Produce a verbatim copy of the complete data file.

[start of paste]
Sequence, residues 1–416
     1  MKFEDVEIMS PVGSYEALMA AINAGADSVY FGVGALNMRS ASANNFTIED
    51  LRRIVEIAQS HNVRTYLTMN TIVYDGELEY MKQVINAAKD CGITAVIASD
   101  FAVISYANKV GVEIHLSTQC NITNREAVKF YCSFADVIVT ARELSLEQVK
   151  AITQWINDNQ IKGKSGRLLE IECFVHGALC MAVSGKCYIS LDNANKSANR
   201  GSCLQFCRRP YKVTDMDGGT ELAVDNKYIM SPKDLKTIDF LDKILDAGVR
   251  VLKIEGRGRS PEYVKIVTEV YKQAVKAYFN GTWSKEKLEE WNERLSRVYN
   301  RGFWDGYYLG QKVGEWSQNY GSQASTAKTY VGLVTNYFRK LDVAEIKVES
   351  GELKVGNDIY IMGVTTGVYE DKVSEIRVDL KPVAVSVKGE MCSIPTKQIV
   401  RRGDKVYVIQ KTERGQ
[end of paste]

Sequence, residues 1–416
     1  MKFEDVEIMS PVGSYEALMA AINAGADSVY FGVGALNMRS ASANNFTIED
    51  LRRIVEIAQS HNVRTYLTMN TIVYDGELEY MKQVINAAKD CGITAVIASD
   101  FAVISYANKV GVEIHLSTQC NITNREAVKF YCSFADVIVT ARELSLEQVK
   151  AITQWINDNQ IKGKSGRLLE IECFVHGALC MAVSGKCYIS LDNANKSANR
   201  GSCLQFCRRP YKVTDMDGGT ELAVDNKYIM SPKDLKTIDF LDKILDAGVR
   251  VLKIEGRGRS PEYVKIVTEV YKQAVKAYFN GTWSKEKLEE WNERLSRVYN
   301  RGFWDGYYLG QKVGEWSQNY GSQASTAKTY VGLVTNYFRK LDVAEIKVES
   351  GELKVGNDIY IMGVTTGVYE DKVSEIRVDL KPVAVSVKGE MCSIPTKQIV
   401  RRGDKVYVIQ KTERGQ